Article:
ORIGINAL RESEARCH article
Sec. Computational Genomics
Volume 14 - 2023 | https://doi.org/10.3389/fgene.2023.1164593
PredDSMC: A predictor for driver synonymous mutations in human cancers
- Key Laboratory of Intelligent Computing and Signal Processing of Ministry of Education and Information Materials and Intelligent Sensing Laboratory of Anhui Province, Institutes of Physical Science and Information Technology, Anhui University, Hefei, Anhui, China
Introduction: Driver mutations play a critical role in the occurrence and development of human cancers. Most studies have focused on missense mutations that function as drivers in cancer. However, accumulating experimental evidence indicates that synonymous mutations can also act as driver mutations.
Methods: Here, we proposed a computational method called PredDSMC to accurately predict driver synonymous mutations in human cancers. We first systematically explored four categories of multimodal features, including sequence features, splicing features, conservation scores, and functional scores. Further feature selection was carried out to remove redundant features and improve the model performance. Finally, we utilized the random forest classifier to build PredDSMC.
Results: The results of two independent test sets indicated that PredDSMC outperformed the state-of-the-art methods in differentiating driver synonymous mutations from passenger mutations.
Discussion: In conclusion, we expect that PredDSMC, as a driver synonymous mutation prediction method, will be a valuable method for gaining a deeper understanding of synonymous mutations in human cancers.
Cancer is one of the major diseases threatening human health all over the world (Sung et al., 2021). During the occurrence and development of tumors, thousands of somatic mutations are generated, and these mutations are divided into passenger mutations and driver mutations according to their role in cancer development (Greenman et al., 2007; Stratton et al., 2009). Specifically, cancer development is caused by driver mutations that trigger tumor growth and induce subsequent passenger mutations as tumor cells proliferate. There are far fewer driver mutations than passenger mutations in cancer cells, and it is a significant challenge to distinguish between driver and passenger mutations across the human cancer genome (Tokheim and Karchin, 2019; Wang et al., 2020). In recent years, researchers have developed several computational methods, such as CHASMplus (Tokheim and Karchin, 2019), AI-Driver (Wang et al., 2020), CHASM (Carter et al., 2009), CanDrA (Mao et al., 2013), PredCID (Yue et al., 2020), CScape (CS) (Rogers et al., 2017), and CScape-somatic (CSS) (Rogers et al., 2020a). However, these tools focus primarily on driver missense mutations (Carter et al., 2009; Mao et al., 2013; Tokheim and Karchin, 2019; Wang et al., 2020) or insertions and deletions (Yue et al., 2020), which ignore the impact of synonymous mutations on cancer, except that CS and CSS focus on the prediction of driver point mutations.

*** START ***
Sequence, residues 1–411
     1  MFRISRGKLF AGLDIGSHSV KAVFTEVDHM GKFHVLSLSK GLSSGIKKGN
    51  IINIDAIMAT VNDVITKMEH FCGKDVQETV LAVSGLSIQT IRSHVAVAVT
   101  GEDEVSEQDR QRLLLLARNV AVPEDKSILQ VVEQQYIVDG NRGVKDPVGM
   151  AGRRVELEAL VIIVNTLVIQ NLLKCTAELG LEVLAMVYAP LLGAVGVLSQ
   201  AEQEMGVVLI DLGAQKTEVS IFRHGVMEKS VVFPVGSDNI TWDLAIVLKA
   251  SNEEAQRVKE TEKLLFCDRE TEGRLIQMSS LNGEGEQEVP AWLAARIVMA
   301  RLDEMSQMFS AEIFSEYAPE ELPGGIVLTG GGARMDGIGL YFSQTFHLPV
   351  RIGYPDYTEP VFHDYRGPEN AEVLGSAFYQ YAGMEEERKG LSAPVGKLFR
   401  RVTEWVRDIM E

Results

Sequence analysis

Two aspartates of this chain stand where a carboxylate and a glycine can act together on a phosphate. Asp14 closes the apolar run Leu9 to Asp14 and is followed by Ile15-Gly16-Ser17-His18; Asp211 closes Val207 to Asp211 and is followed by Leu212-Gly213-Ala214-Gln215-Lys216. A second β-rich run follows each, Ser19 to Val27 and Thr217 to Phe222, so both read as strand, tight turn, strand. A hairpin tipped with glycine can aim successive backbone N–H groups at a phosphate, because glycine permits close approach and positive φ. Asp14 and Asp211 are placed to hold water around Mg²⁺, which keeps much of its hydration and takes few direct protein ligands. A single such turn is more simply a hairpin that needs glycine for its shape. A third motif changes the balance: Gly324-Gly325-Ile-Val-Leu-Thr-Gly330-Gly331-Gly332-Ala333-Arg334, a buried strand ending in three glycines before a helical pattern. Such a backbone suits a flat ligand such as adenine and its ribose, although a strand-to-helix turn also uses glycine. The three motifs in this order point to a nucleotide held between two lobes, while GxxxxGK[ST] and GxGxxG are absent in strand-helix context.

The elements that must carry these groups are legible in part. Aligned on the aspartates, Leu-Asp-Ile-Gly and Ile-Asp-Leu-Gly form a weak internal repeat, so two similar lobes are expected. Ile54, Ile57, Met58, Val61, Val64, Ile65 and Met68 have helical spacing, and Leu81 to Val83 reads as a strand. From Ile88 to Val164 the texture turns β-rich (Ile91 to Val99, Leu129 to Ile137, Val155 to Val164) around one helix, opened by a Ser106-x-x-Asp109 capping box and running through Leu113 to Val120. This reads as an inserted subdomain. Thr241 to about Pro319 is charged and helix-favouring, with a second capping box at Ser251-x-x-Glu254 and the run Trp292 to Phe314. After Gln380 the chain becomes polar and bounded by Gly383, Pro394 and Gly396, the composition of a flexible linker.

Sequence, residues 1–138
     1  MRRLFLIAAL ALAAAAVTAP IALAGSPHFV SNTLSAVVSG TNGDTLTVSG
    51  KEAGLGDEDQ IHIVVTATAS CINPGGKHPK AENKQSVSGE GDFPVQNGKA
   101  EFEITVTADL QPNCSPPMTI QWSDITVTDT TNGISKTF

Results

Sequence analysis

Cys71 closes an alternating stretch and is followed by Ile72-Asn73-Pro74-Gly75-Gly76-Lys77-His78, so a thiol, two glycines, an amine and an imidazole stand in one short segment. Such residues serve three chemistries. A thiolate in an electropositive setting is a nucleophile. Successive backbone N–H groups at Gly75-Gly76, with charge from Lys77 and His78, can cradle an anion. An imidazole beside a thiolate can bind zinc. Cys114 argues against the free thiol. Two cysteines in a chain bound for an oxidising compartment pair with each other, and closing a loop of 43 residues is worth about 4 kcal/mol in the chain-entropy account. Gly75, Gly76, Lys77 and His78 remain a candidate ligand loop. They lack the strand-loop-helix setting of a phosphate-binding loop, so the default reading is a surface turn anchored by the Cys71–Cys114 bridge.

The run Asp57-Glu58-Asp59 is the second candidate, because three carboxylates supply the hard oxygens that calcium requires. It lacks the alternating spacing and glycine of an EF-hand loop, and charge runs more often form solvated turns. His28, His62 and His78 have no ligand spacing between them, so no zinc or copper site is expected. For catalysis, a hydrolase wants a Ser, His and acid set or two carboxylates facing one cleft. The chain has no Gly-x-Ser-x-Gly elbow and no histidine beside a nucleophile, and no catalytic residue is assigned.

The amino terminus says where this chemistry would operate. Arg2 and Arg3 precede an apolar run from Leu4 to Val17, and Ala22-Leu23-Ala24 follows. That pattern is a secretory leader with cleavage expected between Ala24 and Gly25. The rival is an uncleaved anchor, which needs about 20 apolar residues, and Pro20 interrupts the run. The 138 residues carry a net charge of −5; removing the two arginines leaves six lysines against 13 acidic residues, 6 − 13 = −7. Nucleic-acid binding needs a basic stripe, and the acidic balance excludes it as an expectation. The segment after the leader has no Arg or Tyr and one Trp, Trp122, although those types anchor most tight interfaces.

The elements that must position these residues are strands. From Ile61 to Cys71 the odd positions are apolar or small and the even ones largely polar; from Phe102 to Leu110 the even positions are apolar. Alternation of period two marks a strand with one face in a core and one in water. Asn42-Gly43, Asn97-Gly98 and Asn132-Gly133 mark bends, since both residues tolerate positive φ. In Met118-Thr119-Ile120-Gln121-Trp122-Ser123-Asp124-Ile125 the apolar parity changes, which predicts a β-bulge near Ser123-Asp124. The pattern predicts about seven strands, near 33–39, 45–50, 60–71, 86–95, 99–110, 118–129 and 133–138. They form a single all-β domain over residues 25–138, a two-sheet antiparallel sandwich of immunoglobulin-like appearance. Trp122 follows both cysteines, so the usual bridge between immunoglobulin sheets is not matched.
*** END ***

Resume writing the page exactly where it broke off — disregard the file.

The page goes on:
Although synonymous mutations do not change the encoded amino acids, they can play a crucial role in a variety of diseases through mechanisms such as affecting splicing, mRNA structure, and protein translation (Chamary et al., 2006; Brest et al., 2011; Sauna and Kimchi-Sarfaty, 2011; Takata et al., 2016; Soussi et al., 2017). A variety of computational methods based on machine learning have been proposed to identify pathogenic synonymous mutations in human diseases, such as SilVA (Buske et al., 2013), TraP (Gelfman et al., 2017), PrDSM (Cheng et al., 2020), and EnDSM (Cheng et al., 2022). Studies have found that synonymous mutations also play an essential functional role in the occurrence and development of cancer (Supek et al., 2014), and although the methods for predicting pathogenic synonymous mutations can improve the understanding of driver synonymous mutations, there is no specific tool for identifying driver synonymous mutations in cancers.
In this work, we developed a predictor for driver synonymous mutations in human cancers named PredDSMC. First, we constructed the datasets according to the mutation frequency (MF) of synonymous mutations in cancer mutation datasets. Second, each mutation was encoded with 36 features from splicing, conservation, sequence, and functional score information. The optimal feature subset was then selected by the minimum redundancy maximum relevance (mRMR) method. Last but not the least, we comprehensively evaluated the prediction performance of six classic classifiers on the training dataset and chose the random forest (RF) classifier to build PredDSMC. To the best of our knowledge, PredDSMC is the first cancer driver mutation prediction method that is dedicated to synonymous mutations. The results of two independent test sets indicated that PredDSMC outperformed the state-of-the-art predictors. The overall flowchart of PredDSMC is shown in Figure 1.